Behavioral Cloning for Autonomous Vehicles

robotcar.jpg

1 Introduction

An important milestone in Udacity's Self-Driving Car Engineer nanodegree program is to teach a toy model of a car the basics about how to drive. We can accomplish this using a technique called Behavioral Cloning. The Encyclopedia of Machine Learning says,

Behavioral cloning is a method by which human subcognitive skills can be captured and reproduced in a computer program. As the human subject performs the skill, his or her actions are recorded along with the situation that gave rise to the action. A log of these records is used as input to a learning program. The learning program outputs a set of rules that reproduce the skilled behavior. This method can be used to construct automatic control systems for complex tasks for which classical control theory is inadequate. It can also be used for training.

In this exercise, I outline the method I took to apply behavioral cloning, discuss some of the tools I used and developed, and reflect on some of the lessons I learned along the way. This is not a step-by-step "How-To" script, and so for that reason much of the Python code below is redacted, though in some cases the results are shown. Nevertheless, perhaps this article can help students who stumble into this fascinating topic in the future. So, let's get started!

2 Method

The method is quite simple. We somehow acquire training data—perhaps by recording it ourselves—in a computerized driving simulator, which Udacity provides. Images from that simulator are shown below. The training data comprise images of the road as seen from cameras mounted on the simulated car, along with corresponding control inputs (in this case, just the steering angle). The training data are used to train a Deep Learning neural network model so that it recognizes road/car configurations and generates the appropriate steering angle. The model is then used to generate inputs (steering angles) in real-time for the simulation, unpiloted by a human driver. Here are some of the tools we use along the way.

  • Keras - Deep Learning toolkit for Python
  • TensorFlow - High-Performance numerical computation library for Python and backend for Keras.
  • Unix command-line tools - handy for data pre-processing
  • Emacs - indispensable coding and writing environment
  • Org mode - indispensable writing and publishing environment for Emacs

Keras and TensorFlow (really, TensorFlow) are tailor-made for modern high-performance parallel numerical computation using GPUs, environments that are easily-obtained with cloud-computing environments like Amazon AWS. Yet, everything in this project was conducted just on the ancient laptop shown in Figure 2. While better hardware would be almost certainly be essential for real Deep Learning applications and autonomous vehicles, for toy problems like this one it may not be necessary.

rig.jpg

Figure 2: Project Lab

3 Data Collection and Preparation

Behavioral cloning relies on training neural networks with data exhibiting the very behavior you wish to clone. We use the driving simulator provided by Udacity, which in its "training mode" can emit a stream of data samples as the user operates the car. Each sample consists of a triplet of images and a single floating point number in the interval [-1, 1], recording the view and the steering angle for the simulation and car at regular intervals. The three images are meant to be from three "cameras" mounted on the simulated car's left, center, and right, giving three different aspects of the scene and in principle providing stereoscopic depth information.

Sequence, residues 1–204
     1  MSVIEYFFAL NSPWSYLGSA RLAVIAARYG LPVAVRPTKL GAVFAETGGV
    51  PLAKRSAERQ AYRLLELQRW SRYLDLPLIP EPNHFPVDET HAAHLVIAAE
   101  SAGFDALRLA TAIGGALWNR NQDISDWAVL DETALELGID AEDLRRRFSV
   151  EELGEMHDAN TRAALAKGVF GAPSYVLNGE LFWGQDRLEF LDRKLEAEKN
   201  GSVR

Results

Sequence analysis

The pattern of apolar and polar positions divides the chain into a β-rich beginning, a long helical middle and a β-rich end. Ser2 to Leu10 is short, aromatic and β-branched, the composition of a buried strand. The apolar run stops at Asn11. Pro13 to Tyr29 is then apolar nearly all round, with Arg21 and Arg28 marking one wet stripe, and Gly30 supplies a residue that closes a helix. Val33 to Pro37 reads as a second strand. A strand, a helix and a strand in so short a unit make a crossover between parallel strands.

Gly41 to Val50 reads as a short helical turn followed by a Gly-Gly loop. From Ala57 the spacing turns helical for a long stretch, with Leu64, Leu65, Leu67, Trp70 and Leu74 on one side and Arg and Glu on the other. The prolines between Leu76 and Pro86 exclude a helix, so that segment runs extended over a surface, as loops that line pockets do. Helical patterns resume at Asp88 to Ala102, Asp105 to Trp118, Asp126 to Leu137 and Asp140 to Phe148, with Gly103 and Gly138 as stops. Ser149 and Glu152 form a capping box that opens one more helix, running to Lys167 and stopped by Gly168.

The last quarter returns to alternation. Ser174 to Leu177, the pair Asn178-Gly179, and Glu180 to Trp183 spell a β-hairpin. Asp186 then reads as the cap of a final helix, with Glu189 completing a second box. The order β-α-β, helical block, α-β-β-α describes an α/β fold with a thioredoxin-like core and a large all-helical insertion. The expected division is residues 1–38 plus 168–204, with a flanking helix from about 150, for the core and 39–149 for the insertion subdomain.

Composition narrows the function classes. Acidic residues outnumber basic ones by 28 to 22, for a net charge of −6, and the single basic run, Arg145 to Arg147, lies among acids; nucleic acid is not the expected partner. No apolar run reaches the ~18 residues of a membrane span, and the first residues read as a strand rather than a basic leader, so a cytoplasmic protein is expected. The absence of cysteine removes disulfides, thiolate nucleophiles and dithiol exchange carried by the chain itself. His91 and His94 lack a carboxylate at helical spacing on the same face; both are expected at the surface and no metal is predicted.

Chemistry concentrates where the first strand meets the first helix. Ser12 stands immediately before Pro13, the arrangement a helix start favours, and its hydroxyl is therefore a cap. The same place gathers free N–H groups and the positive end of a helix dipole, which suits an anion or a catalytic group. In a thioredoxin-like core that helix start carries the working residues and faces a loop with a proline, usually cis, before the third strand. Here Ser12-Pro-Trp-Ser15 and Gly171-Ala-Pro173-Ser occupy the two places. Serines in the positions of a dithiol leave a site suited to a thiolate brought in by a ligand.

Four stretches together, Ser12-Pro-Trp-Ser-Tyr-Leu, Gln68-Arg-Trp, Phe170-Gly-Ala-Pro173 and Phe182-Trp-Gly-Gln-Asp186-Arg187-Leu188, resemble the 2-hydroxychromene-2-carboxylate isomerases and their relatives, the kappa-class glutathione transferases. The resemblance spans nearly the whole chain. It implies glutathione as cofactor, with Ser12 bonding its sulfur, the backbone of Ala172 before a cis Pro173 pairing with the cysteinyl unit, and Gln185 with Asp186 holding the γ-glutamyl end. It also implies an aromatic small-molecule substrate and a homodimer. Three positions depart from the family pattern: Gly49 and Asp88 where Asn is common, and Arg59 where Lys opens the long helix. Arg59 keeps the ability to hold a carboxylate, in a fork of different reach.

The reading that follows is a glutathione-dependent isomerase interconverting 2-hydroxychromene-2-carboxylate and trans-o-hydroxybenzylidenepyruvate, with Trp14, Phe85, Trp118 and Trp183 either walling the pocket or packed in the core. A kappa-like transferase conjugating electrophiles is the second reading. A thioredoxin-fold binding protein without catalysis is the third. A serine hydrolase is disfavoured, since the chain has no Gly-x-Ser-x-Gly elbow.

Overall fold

The driving simulator also has an "autonomous mode" in which the car interacts with a network server to exchange telemetry that guides the car. The simulator sends the network server camera images and the network server is expected to reply with steering angles. So, not only is the driving simulator critical for understanding the problem and helpful for obtaining training data, it is absolutely essential for evaluating the solution.

The data are recorded into a CSV "index file" and corresponding image files. Each line in the index file correlates images with the steering angle, throttle, brake, and speed of the car. The images are identified by filenames referring to three camera images files.

head driving_log.csv
wc -l driving_log.csv
center,left,right,steering,throttle,brake,speed
IMG/center_2016_12_01_13_30_48_287.jpg, IMG/left_2016_12_01_13_30_48_287.jpg, IMG/right_2016_12_01_13_30_48_287.jpg, 0, 0, 0, 22.14829
IMG/center_2016_12_01_13_30_48_404.jpg, IMG/left_2016_12_01_13_30_48_404.jpg, IMG/right_2016_12_01_13_30_48_404.jpg, 0, 0, 0, 21.87963
IMG/center_2016_12_01_13_31_12_937.jpg, IMG/left_2016_12_01_13_31_12_937.jpg, IMG/right_2016_12_01_13_31_12_937.jpg, 0, 0, 0, 1.453011
IMG/center_2016_12_01_13_31_13_037.jpg, IMG/left_2016_12_01_13_31_13_037.jpg, IMG/right_2016_12_01_13_31_13_037.jpg, 0, 0, 0, 1.438419
IMG/center_2016_12_01_13_31_13_177.jpg, IMG/left_2016_12_01_13_31_13_177.jpg, IMG/right_2016_12_01_13_31_13_177.jpg, 0, 0, 0, 1.418236
IMG/center_2016_12_01_13_31_13_279.jpg, IMG/left_2016_12_01_13_31_13_279.jpg, IMG/right_2016_12_01_13_31_13_279.jpg, 0, 0, 0, 1.403993
IMG/center_2016_12_01_13_31_13_381.jpg, IMG/left_2016_12_01_13_31_13_381.jpg, IMG/right_2016_12_01_13_31_13_381.jpg, 0, 0, 0, 1.389892
IMG/center_2016_12_01_13_31_13_482.jpg, IMG/left_2016_12_01_13_31_13_482.jpg, IMG/right_2016_12_01_13_31_13_482.jpg, 0, 0, 0, 1.375934
IMG/center_2016_12_01_13_31_13_584.jpg, IMG/left_2016_12_01_13_31_13_584.jpg, IMG/right_2016_12_01_13_31_13_584.jpg, 0, 0, 0, 1.362115
8037 driving_log.csv

Deep Learning lore says that it is often prudent to randomize the data when possible and always prudent to split the data into training and validation sets, which we can do in just a few lines of shell code.

cat driving_log.csv | tail -n+2 | shuf > driving_log_all.csv
cat driving_log_all.csv | head -n7000 > driving_log_train.csv